You may have heard of wills and trusts, but don't really know the difference between them, or what they can do for you. Both are effective in directing the distribution of property and assets, however, they do have important differences that should be considered before choosing which documents you need.
Simply put, a will goes into effect after death whereas a trust can go into effect as soon as it is written, if you so choose.
When preparing a will, the testator typically designates who receives which of his or her assets upon their passing. The testator's estate is then overseen by a probate judge who distributes the assets of the estate by way of a court order. With a trust, however, the testator designates a trustee and successor trustees to manage assets of their estate (which is often the testator/settlor during their lifetime), thereby providing avoiding the time and expense of probate court and providing for the seamless management of assets both before and after the death of the testator/settlor.
With a trust, many people enjoy the peace of mind they get from knowing that their beneficiaries won't have to worry about the cost of pursuing a probate case or having to wait for a final court order to receive their inheritance. Then again, others enjoy knowing that their wishes will be interpreted, and their assets distributed, by a respected legal authority. This is especially important for those who prefer to have court oversight to ensure their wishes are strictly adhered to.
An added point to consider about trusts is that they can allow you to choose the timing in which your assets will be distributed, whether it be immediate upon your demise, in increments throughout the lifetime of the beneficiary, or when they reach a designated age of maturity. The flexibility and control over how and when assets are distributed is very important to some.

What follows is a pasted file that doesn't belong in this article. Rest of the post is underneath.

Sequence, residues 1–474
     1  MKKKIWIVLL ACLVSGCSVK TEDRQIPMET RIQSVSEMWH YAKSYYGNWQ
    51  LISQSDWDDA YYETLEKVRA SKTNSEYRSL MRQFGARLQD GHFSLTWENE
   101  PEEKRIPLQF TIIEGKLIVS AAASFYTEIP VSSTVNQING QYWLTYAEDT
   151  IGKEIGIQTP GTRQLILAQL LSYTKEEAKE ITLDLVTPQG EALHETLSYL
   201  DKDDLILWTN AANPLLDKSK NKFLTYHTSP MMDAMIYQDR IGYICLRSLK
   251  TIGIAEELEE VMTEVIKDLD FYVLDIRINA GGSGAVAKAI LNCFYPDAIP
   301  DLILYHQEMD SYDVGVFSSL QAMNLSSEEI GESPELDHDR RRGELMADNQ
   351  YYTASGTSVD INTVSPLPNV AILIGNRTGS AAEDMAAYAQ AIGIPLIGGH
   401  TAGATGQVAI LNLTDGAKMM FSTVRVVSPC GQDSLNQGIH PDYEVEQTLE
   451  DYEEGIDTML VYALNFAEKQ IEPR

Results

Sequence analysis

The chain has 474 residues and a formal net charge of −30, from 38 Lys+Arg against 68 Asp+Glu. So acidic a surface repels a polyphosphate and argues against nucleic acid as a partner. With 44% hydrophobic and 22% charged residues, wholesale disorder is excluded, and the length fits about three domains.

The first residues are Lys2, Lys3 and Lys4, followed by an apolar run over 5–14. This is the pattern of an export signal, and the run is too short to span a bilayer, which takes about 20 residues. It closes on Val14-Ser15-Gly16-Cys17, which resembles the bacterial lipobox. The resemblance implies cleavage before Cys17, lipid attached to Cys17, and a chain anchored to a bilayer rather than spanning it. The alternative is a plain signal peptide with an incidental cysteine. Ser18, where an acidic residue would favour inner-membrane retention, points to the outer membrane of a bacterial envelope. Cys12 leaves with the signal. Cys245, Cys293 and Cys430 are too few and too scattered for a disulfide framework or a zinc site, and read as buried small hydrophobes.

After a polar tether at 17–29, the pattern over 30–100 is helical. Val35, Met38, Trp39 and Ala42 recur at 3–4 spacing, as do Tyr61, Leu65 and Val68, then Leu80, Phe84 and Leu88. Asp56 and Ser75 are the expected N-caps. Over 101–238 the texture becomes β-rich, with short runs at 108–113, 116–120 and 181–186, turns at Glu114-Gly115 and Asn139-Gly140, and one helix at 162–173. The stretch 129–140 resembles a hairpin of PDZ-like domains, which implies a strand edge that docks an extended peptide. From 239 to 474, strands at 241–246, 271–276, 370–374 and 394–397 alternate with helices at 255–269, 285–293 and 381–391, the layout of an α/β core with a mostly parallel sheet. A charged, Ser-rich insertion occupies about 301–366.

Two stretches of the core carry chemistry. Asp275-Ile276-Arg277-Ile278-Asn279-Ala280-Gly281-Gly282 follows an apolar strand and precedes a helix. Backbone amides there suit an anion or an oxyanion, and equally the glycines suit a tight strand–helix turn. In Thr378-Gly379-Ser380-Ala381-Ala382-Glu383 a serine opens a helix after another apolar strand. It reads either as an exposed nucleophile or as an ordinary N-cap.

Privacy is another aspect that can cause some to choose a trust over a will. After you pass, a will becomes public record whereas a trust does not. It is also more difficult for creditors to locate real property owned by you when it is held in trust since it is titled in the name of the trust, not the name of the settlor or the trustee, allowing you to keep your assets more private.
One instance in which a will would be required is if you wish to assign guardianship or custody of minor or disabled children in the event of your demise. This can only be granted by a court of competent jurisdiction, so such a provision cannot be included in a trust.
Whether you choose to go with a will, a trust, or any combination thereof, hiring a good Estate Planning Attorney to help you draft it can put your mind at ease by assuring that all of your bases are covered. The experienced attorneys at Gehres Law Group P.C. would be happy to answer any questions or issues you may have concerning your estate planning needs.